On Tuesday, August 7, India released 14 Pakistani fishermen who had been captured in India’s territorial waters around three years ago. On Sunday, Pakistan released 30 Indian prisoners, including 26 fishermen from Karachi prison, and on Monday India repatriated seven Pakistan civilian prisoners.
Peace and human rights activists have welcomed these prisoner releases ahead of the Independence days coming up and the swearing in of Pakistan’s new Imran Khan-led government.
In 2018 so far, Pakistan has released 178 Indian prisoners, including 174 fishermen. The recent release of the Indian prisoners “is a humanitarian gesture to mark Pakistan’s Independence Day on August 14,” said Foreign Office Spokesperson Mohammad Faisal in a statement.
A tweet from the official Twitter handle of the Government of Pakistan also termed the move as a “goodwill gesture.
— Govt of Pakistan (@pid_gov) August 12, 2018
The Indian fishermen were shifted to Cantt Railway Station from Karachi’s Malir jail to be taken to Lahore and handed over to Indian border officials at Wagah border.
A bilateral agreement on consular access signed in May 2008 enjoins both countries to exchange lists of each other’s prisoners twice a year – on January 1 and July 1.
On July 18, Pakistan provided India a list of Indian prisoners, 53 civilians and 418 fishermen, in its custody, while India gave Pakistan a list of Pakistani prisoners, 249 civilian and 108 fishermen, lodged in Indian jails.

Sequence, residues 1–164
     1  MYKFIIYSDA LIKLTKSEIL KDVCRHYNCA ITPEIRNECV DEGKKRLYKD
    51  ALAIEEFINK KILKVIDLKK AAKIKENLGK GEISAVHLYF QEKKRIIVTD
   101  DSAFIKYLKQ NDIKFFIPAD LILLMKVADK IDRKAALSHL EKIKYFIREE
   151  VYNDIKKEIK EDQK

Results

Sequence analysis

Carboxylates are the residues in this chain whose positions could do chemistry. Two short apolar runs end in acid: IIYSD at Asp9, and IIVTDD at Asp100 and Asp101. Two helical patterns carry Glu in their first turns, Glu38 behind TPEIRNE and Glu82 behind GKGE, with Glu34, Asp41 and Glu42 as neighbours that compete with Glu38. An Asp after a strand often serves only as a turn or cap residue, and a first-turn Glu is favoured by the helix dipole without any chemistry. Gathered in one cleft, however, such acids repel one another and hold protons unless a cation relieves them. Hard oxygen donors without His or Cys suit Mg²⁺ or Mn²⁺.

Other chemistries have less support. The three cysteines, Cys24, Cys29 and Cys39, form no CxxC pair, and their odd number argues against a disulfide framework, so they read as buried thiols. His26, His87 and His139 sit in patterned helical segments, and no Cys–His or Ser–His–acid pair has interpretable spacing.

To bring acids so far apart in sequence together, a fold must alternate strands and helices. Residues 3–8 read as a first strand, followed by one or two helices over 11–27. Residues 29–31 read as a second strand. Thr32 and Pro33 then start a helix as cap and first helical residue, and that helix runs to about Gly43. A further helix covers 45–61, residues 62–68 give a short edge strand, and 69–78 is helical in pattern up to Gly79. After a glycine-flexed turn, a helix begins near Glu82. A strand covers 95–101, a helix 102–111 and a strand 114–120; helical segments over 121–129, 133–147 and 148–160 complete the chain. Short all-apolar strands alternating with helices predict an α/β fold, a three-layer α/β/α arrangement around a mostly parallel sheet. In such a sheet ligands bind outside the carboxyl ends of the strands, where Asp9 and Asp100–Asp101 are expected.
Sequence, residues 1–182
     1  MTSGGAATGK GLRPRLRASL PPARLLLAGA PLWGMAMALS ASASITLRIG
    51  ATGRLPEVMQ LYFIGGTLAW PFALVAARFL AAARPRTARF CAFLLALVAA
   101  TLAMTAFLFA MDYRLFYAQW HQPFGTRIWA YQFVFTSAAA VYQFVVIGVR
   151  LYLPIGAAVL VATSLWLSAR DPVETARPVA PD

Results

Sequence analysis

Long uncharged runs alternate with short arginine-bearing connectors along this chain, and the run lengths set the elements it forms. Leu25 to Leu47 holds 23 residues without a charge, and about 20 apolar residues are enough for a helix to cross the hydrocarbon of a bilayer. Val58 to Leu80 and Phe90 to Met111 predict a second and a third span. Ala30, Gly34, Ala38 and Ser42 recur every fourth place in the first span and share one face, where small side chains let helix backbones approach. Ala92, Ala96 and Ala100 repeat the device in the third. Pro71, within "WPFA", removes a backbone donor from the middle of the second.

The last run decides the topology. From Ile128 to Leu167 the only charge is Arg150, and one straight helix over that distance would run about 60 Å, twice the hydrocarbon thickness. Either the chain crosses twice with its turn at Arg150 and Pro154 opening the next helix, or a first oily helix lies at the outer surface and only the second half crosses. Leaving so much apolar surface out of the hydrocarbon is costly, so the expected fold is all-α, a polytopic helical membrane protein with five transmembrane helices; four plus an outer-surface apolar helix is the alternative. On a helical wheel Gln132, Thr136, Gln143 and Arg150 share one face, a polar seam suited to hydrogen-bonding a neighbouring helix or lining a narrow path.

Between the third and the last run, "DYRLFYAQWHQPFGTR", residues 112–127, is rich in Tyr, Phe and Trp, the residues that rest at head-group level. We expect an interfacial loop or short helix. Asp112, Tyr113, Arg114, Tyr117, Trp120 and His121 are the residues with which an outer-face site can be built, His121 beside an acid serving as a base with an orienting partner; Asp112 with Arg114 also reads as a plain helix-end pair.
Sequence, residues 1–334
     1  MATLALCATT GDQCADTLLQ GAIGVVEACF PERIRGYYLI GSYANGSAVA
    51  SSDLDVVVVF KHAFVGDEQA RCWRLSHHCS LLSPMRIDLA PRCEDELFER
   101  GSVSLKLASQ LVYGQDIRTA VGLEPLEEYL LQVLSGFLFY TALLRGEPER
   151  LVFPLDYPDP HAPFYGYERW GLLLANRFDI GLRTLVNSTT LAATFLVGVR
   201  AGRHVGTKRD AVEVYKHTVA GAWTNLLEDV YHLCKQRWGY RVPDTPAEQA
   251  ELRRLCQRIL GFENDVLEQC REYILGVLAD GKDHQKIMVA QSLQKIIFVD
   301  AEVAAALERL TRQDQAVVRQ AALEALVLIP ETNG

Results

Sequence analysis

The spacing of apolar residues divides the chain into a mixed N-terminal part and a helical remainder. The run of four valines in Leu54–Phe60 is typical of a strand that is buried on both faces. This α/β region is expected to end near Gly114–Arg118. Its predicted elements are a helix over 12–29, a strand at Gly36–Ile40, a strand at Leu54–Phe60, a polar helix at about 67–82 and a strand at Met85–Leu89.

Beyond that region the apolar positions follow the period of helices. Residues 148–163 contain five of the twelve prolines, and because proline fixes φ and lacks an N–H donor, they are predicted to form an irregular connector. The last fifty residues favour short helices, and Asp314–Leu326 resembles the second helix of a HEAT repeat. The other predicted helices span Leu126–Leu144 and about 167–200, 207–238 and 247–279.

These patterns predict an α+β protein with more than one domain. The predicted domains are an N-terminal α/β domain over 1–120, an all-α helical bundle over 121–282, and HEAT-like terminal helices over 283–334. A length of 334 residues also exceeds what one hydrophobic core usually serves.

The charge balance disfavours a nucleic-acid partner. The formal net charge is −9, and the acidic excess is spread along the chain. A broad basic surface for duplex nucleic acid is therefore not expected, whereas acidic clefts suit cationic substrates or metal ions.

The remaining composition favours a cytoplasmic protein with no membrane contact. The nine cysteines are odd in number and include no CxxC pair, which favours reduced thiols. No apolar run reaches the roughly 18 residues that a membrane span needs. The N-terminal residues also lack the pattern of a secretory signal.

Some prisoners are still awaiting confirmation of their nationality.
In March this year, India and Pakistan agreed to revive the Joint Judicial Committee which looks into the issues of fishermen and prisoners in each other’s custody. Since Pakistan has yet to name the members of the Judicial Committee on its side, no visits have taken place.
Pakistan and India frequently arrest fishermen as there is no clear demarcation of the maritime border in the Arabian Sea and the fishermen do not have boats equipped with the technology to know their precise location.
Cumbersome bureaucratic and legal procedures mean that the fishermen often remain in jail for months if not years, even though they may also periodically be set free as goodwill gesture.
Non-governmental organisations and human rights activists in both India and Pakistan have long been raising the issue, pressing their governments to release the arrested fishermen without delay, as well as return their boats.
— aka, compiled from media sources including PTI and UNI.